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Scientific visualizations: A bridge to knowledge - Part 2

What are some further examples of effective collaborations between visualization researchers and domain experts?

The second example is work done by my colleagues Professors Ross Whitaker and Valerio Pascucci, former Ph.D. student Samuel Gerber, who is now at the University of Oregon, and collaborator Peer-Timo Bremer from Lawrence Livermore National Laboratory.  

The team of visualization researchers worked with domain experts in combustion simulation to create a new visual analysis method for exploring high dimensional scalar field data.

From their paper, “An important goal of scientific data analysis is to understand the behavior of a system or process based on a sample of the system. In many instances it is possible to observe both input parameters and system outputs, and characterize the system as a high-dimensional function. Such data sets arise, for instance, in large numerical simulations, as energy landscapes in optimization problems, or in the analysis of image data relating to biological or medical parameters.” 

In this example, the combustion application problem is trying to understand the relationship between the composition of chemical species in a turbulent combustion process and its efficiency in terms of fuel consumption and pollutants generated.  The data to analyze consists of 700K samples of chemical composition and temperature extracted pointwise (samples in space and time) from temporal jet simulations of turbulent CO/H2-air flames.  A common way that domain experts visualize high dimensional scalar field data is to break the high dimensional data into a series of two-dimensional plots.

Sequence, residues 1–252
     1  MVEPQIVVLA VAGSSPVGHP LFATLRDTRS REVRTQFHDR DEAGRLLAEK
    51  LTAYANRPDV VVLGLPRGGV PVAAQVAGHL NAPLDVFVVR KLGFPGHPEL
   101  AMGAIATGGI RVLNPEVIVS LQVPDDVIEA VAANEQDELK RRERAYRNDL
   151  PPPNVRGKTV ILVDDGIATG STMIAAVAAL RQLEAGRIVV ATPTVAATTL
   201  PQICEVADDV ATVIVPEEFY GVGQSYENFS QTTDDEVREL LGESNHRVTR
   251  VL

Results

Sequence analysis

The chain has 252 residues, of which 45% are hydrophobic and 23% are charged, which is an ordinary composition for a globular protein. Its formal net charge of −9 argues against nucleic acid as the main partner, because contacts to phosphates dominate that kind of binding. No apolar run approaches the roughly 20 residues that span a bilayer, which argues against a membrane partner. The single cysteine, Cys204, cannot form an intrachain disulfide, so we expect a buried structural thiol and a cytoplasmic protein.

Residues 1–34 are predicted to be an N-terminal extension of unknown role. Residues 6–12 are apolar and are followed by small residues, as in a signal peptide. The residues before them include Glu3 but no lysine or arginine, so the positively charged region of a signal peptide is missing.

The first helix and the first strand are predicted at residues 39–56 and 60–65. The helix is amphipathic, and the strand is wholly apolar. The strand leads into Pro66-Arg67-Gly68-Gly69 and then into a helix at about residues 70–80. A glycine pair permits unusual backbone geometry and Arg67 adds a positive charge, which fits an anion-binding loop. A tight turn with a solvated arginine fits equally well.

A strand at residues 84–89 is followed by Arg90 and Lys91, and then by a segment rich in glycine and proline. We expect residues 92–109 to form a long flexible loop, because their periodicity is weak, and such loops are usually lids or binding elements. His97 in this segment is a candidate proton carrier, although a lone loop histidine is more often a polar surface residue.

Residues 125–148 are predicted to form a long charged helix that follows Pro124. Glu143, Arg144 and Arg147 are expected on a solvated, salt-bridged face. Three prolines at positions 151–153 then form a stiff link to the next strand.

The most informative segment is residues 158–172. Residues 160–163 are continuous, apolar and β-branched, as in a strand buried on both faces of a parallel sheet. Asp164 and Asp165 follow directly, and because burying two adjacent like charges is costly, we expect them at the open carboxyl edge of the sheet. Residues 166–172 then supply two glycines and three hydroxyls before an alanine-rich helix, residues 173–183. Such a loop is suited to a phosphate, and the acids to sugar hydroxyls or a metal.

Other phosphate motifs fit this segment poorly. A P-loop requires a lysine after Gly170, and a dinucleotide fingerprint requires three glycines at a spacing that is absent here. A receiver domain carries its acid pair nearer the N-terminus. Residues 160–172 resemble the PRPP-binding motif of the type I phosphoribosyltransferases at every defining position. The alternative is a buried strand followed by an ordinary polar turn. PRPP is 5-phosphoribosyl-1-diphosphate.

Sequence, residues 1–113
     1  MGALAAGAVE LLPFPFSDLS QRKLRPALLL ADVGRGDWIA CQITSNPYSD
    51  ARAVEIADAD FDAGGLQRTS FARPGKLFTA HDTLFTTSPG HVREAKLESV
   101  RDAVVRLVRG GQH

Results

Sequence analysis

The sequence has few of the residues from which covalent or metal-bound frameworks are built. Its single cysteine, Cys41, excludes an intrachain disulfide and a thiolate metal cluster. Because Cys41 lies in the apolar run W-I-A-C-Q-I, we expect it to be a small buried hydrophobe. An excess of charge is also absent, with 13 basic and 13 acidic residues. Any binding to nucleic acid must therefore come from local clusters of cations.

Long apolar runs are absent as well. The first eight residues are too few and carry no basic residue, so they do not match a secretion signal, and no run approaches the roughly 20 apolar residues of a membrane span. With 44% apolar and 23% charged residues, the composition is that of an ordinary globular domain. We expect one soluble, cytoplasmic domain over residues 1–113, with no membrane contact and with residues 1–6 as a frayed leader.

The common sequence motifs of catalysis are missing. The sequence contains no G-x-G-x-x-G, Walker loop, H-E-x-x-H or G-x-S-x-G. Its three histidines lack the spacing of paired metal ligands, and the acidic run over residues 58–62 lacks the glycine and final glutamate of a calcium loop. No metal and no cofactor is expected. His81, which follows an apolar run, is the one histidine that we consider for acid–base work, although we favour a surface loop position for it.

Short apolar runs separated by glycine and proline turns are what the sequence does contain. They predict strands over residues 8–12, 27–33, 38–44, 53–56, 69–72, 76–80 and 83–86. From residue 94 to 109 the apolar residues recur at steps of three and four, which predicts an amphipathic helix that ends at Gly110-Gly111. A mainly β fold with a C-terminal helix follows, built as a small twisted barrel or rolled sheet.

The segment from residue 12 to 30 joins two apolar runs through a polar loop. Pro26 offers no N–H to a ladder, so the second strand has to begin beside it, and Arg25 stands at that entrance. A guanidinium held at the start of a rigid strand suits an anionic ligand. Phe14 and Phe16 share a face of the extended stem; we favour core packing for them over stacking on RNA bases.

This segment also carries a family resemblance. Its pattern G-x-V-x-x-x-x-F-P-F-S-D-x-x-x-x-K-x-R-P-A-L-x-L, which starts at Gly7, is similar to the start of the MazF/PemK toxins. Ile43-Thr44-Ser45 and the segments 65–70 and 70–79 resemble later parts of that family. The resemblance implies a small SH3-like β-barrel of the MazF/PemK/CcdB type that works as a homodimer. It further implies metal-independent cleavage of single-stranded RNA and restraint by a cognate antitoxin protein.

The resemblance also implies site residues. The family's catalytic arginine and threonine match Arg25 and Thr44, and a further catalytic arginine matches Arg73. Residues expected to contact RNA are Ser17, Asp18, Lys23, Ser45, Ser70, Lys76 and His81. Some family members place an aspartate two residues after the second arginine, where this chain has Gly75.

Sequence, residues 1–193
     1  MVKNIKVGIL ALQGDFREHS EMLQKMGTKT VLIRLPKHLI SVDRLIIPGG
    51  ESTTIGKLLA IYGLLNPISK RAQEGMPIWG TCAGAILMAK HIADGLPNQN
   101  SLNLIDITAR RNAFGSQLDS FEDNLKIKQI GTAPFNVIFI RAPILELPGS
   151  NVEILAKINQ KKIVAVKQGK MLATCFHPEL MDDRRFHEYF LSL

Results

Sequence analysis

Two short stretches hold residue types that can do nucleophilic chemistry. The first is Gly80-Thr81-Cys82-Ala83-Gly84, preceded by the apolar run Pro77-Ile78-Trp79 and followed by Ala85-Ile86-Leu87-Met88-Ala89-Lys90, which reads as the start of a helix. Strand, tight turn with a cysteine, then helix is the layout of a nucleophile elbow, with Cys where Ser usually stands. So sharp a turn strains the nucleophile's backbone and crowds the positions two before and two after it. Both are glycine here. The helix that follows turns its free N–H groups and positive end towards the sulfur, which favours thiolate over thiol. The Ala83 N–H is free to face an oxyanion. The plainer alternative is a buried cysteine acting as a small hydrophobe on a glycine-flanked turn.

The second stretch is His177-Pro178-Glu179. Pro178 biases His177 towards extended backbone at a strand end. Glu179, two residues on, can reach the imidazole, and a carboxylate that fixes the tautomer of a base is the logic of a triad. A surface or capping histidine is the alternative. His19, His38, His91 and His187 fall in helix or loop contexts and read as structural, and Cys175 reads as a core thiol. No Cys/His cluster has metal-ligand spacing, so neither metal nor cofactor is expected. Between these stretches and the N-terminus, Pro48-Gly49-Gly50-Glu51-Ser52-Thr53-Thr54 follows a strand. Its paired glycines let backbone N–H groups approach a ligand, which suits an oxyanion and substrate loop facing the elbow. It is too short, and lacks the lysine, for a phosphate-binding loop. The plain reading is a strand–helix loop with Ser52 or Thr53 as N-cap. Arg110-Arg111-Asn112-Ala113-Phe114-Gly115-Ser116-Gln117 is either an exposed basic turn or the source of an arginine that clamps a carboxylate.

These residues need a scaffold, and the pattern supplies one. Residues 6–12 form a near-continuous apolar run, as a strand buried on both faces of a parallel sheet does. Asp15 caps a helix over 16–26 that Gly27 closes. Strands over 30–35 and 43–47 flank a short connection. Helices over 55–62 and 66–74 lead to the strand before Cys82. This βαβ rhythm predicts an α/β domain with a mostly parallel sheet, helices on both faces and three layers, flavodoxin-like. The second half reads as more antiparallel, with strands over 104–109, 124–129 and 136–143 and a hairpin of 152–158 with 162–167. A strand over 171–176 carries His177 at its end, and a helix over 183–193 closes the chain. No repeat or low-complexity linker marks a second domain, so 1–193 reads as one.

<strong>Influencing the longwave flux. </strong>Chemical composition in relation to heat released during a jet flame combustion simulation. The three distinct minima correspond to pure fuel, pure oxidizer and extinction/re-ignition. Graphs of chemical composition plotted against temperature for the crystals corresponding to extinction (a) pure oxidizer, (b) pure fuel, and (c) minima compositions. Courtesy Whitaker, Pascucci, et al.

In this example, one could break up the data into ten two-dimensional graphs of temperature versus chemical species; for example temperature versus: H2 and O2 and H02 and CO and HCO, etc.  Domain experts then look at pairs or triples of the two-dimensional graphs over to time to try to infer underlying relationships.  As one can imagine, as the number of dimensions increases, the high dimensional data in a coherent way becomes more difficult.  I have not met anyone yet who can reason about 10-dimensional spaces.

To help visualize this 10-dimensional space, Gerber, Bremer, Pascucci, and Whitaker create a method that combines topological and geometric techniques to provide interactive visualizations of discretely sampled high-dimensional scalar fields.  

As described in their paper, “the method relies on a segmentation of the parameter space using an approximate Morse-Smale complex on the cloud of point samples. For each crystal of the Morse-Smale complex, a regression of the system parameters with respect to the output yields a curve in the parameter space. The result is a simplified geometric representation of the Morse-Smale complex in the high dimensional input domain. Finally, the geometric representation is embedded in 2D, using dimension reduction, to provide a visualization platform. The geometric properties of the regression curves enable the visualization of additional information about each crystal such as local and global shape, width, length, and sampling densities.”

The figure above shows the result of their new visualization technique along with numerous two-dimensional graphs at one instant in time. Their analysis confirmed the expectation of the domain experts of four distinct modes of combustion. In a different analysis they applied the methodology to climate simulation data. The visualization uncovered a novel relationship of different cloud formation regimes on longwave flux that are not made apparent through traditional statistical analysis methods.

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